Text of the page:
Dakota State University first in state to offer online el ed degree
Dakota State University will soon offer an online-only format to their bachelor of science degree in elementary education.
The South Dakota Board of Regents approved this program on October 3; it is the first elementary education program to be offered fully online by a South Dakota public university.
“It’s all the same classes, all the same field experiences, and all the same content certification exams,” said Dr. Crystal Pauli, dean of the College of Education, but will offer greater availability and convenience to rural areas.
The primary audience will be paraprofessionals already working in elementary classrooms who wish to become certified as a teacher.
“I think this means that we will be able to reach a wider audience of paraprofessionals in remote areas of the state who may want to complete a degree and stay in their community to teach,” Pauli said. The online program will also benefit stay-at-home moms who may be looking for a career as their children begin school, she explained.
The College of Education hopes that adding this online-only degree will help alleviate the teacher shortage, particularly in more rural school districts. The program is expected to attract 12 new students a year.
Students who participate in the program must identify a school district they will be affiliated with, and the school district must agree to accept them for their field experiences and student teaching, according to Pauli. If the student is located far away from DSU, the college will hire a student teaching supervisor for that student; if they are in a nearby area such as Sioux Falls or Brookings they will be supervised by DSU faculty or supervisors.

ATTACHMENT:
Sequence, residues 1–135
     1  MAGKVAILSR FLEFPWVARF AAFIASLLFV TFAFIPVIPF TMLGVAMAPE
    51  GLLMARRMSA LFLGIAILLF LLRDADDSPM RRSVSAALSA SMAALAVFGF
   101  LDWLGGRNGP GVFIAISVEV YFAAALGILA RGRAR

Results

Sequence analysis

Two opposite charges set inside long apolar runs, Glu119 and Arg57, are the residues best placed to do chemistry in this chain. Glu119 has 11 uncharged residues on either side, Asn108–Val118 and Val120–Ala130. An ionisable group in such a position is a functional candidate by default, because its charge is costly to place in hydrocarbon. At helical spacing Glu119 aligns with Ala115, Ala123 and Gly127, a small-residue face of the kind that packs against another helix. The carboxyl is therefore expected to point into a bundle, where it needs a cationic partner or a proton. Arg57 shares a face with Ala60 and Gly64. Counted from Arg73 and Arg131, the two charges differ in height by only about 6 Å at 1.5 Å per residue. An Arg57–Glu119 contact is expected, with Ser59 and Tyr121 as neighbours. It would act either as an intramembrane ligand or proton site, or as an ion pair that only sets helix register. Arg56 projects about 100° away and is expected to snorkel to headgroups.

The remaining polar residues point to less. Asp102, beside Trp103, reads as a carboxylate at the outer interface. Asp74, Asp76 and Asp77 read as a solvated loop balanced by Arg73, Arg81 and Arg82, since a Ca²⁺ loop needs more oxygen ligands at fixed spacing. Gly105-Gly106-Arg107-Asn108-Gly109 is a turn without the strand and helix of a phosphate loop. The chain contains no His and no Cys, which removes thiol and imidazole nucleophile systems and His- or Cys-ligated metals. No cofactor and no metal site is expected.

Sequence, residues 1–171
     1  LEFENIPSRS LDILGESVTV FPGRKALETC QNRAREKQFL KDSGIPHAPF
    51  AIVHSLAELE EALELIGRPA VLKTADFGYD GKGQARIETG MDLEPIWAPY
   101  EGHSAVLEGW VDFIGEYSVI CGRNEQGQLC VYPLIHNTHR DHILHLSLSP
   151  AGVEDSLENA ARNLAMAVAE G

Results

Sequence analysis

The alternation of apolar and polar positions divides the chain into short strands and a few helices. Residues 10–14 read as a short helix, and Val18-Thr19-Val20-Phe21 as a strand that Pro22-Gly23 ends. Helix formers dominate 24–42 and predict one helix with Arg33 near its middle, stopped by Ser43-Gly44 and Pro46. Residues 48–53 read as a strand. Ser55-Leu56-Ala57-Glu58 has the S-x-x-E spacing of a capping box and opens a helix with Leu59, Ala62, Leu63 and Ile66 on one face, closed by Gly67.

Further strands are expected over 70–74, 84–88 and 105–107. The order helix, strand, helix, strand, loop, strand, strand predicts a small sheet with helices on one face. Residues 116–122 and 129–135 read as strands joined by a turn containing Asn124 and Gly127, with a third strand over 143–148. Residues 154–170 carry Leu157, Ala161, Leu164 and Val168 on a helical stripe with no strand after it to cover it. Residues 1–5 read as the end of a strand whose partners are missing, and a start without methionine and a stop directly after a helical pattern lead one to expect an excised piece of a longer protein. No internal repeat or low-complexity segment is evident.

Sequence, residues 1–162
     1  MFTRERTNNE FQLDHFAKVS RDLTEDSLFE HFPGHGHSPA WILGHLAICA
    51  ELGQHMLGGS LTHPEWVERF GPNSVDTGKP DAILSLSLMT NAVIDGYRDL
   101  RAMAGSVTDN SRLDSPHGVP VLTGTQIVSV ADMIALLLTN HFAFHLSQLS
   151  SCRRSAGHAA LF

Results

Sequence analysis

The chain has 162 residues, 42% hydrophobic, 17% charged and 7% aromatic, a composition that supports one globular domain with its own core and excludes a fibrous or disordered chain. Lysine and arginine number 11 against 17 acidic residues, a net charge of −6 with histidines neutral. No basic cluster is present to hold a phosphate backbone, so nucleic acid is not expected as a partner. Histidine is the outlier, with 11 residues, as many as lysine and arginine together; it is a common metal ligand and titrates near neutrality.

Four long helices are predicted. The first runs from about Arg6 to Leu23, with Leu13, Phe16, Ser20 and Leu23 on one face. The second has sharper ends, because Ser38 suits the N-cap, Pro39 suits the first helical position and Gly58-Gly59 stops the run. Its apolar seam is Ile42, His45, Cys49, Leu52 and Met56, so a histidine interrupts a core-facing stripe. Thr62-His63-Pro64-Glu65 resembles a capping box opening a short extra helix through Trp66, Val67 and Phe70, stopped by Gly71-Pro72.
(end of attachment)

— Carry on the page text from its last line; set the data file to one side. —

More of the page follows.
New Minor in English as a New Language
Dakota State University will also create a minor in English as a new language to complement its existing teacher education programs. DSU officials state that there is a growing need in smaller and rural school districts for teachers to be prepared to support students whose first language is not English. The 18 credit-hour minor will prepare teachers to work with English language learners in language acquisition, cultural understanding, and classroom technology integration.
“The minor will offer another layer of training for DSU College of Education students,” Pauli shared.
Pauli is looking forward to continuing to offer new options for students in the College of Education.
“It’s exciting to be able to implement any new program,” Pauli said. “It brings a freshness, gives an opportunity to review and reassess our program, and offer new opportunities to our current and future students.”
Finally, the South Dakota Board of Regents approved combining existing majors in two academic programs at Dakota State University into a single major in mathematics with four specializations. The new specializations are cryptography, information systems, intermediate education, and secondary education.